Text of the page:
Fiction Poetry Life
In Jamaica Kincaid’s very short and lyrical story Girl a mother tells her daughter all the things she must do and not do, say and not say to grow up to be a respectable woman. What struck me is the sheer number of things the mother instructs the daughter on. Presumably this is over an entire childhood, but the volume is still impressive – I don’t think the mother left anything out.
At one point, the mother says “this is how you sweep a corner; this is how you sweep a whole house; this is how you sweep a yard…this is how you set a table for tea; this is how you set a table for dinner; this is how you set a table for dinner with an important guest; this is how you set a table for lunch; this is how you set a table for breakfast” and so on.
How I Learned to Love the Broom
Like the mother in the story, my parents believed in giving my brother and I a steady stream of chores. Keeping our rooms clean was just the tip of the iceberg. In general, I didn’t like doing chores. I can remember muttering under my breath a few times when I was reminded of a chore I’d neglected (my mother put a quick end to that, though).
But for the most part, I didn’t resent the chores, they were a fact of life. Looking back, I see them as my contribution to the household. I used and enjoyed the household resources (food, lights, heat, money for toys, clothes and books) – shouldn’t I have contributed back in some way?
The other plus: when I moved out on my own, I didn’t have to call my mom to ask how to do any of the tasks that make us self-sufficient. I could clean my apartment, cook a meal and do my laundry without a second thought. There is real value in that.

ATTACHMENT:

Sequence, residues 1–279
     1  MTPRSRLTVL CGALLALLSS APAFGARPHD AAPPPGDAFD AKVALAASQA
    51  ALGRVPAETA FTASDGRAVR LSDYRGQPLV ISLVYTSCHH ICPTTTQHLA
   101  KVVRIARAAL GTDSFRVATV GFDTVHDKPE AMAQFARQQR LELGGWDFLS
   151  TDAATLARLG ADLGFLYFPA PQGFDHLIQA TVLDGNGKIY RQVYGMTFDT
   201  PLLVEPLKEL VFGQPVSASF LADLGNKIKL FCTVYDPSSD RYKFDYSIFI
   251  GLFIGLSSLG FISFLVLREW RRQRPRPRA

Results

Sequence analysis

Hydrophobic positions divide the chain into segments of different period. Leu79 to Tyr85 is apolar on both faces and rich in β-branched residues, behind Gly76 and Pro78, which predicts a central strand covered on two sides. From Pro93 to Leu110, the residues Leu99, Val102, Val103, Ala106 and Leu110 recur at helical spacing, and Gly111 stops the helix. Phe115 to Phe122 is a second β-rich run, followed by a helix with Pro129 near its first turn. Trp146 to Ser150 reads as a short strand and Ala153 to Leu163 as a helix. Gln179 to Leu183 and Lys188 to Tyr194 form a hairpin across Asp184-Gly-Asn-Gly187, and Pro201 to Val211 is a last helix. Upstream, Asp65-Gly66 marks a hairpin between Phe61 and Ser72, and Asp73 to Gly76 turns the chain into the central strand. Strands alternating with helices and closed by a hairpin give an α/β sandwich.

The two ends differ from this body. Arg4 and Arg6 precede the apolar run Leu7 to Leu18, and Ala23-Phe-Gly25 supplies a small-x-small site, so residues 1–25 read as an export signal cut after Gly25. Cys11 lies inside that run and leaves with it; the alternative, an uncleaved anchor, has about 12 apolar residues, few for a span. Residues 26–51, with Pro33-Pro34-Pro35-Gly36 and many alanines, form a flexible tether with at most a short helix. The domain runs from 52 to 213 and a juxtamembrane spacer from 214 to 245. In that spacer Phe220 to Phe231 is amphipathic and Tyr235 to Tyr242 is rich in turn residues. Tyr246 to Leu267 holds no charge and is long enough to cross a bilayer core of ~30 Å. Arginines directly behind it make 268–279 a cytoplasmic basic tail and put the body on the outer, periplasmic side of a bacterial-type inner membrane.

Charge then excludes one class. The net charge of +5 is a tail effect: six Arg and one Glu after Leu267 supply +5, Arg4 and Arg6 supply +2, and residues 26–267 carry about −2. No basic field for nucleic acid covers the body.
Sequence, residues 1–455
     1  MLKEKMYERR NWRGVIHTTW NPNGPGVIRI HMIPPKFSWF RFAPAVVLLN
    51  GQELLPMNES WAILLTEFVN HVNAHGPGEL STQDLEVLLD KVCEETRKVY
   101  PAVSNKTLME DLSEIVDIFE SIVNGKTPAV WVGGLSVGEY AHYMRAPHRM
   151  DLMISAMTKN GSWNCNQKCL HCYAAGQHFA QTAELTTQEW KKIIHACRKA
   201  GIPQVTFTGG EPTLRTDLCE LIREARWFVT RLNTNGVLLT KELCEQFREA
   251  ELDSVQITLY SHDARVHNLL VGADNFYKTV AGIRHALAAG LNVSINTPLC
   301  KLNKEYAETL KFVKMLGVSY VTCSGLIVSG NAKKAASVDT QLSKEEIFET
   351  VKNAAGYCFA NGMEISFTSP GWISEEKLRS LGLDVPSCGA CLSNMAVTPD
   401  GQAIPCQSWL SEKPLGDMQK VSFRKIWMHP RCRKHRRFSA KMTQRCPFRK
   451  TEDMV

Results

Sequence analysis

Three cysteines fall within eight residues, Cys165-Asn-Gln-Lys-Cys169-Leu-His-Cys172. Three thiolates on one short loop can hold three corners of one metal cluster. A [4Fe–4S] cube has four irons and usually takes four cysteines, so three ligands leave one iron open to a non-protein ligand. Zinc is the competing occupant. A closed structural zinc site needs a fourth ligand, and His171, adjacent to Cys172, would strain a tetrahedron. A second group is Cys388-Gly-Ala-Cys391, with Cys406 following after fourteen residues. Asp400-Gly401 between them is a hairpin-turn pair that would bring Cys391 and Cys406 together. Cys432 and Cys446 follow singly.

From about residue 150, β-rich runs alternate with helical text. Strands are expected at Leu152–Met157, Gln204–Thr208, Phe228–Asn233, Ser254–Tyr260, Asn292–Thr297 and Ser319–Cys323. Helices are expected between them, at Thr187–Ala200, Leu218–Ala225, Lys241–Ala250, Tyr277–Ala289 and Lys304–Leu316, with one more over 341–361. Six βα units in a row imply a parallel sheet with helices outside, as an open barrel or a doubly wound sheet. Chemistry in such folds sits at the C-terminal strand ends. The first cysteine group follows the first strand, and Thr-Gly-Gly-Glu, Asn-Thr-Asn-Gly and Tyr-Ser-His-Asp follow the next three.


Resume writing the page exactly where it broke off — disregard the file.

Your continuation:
Chores and the Twenty-first Century Kid
According to an article by Annye Rothenberg, Ph.D. at Perfecting Parenting Press, “…many families don’t ask their children to take on regular chores. Some think it’s not worth the potential conflict and nagging, and feel it’s easier to do the chores themselves. Some feel children don’t do the jobs well enough anyhow. Some parents feel their children are too busy.” None of these excuses, I mean reasons, would have flown with my parents.
Children who are not made to do chores miss out on having a sense of ownership of the whole enterprise that is the working household. Instead, they have a sense of entitlement. When young people possess a strong sense of responsibility rather than of entitlement, it’s good for all of us. Have you tried dealing with an entitled young adult at your job, at the gym, at the grocery store? This is not to bash the Millennials, but they definitely have a different perspective on things than previous generations.
The Protection Fail
Parents who teach their kids to do everyday tasks are preparing them for life in the real world, away from home.
In Girl, although I appreciate the willingness of the mother to teach her daughter so many useful, practical things, the mother’s tone is off. The time spent instructing the daughter could be a bonding experience. And the instructions themselves are a protection because she won’t be sending her daughter into the world without any useful skills.
But that protectiveness is undermined by one line the mother repeats throughout. She tells her daughter that she’s teaching her all these things so that the daughter doesn’t turn out to be “the slut I know you are so bent on becoming.”
Eventually, the weight of the instructions, coupled with her mother’s apparent distrust, will suffocate the daughter. In the years to come, the daughter may willfully forget all the useful things her mother taught her because they’ve been tainted by this one recurring thought, so crudely expressed.
The question is, How can parents instruct their children to grow up to be responsible, productive (not entitled) adults without being too lenient (no chores whatsoever) or too domineering (like the mother in the story Girl)?
I would love to know your thoughts. Should children of the twenty-first century have regular chores? Should they do more, less or the same, in general, as children of previous generations?
Listen to Edwidge Danticat read Jamaica Kincaid’s Girl, courtesy of The New Yorker.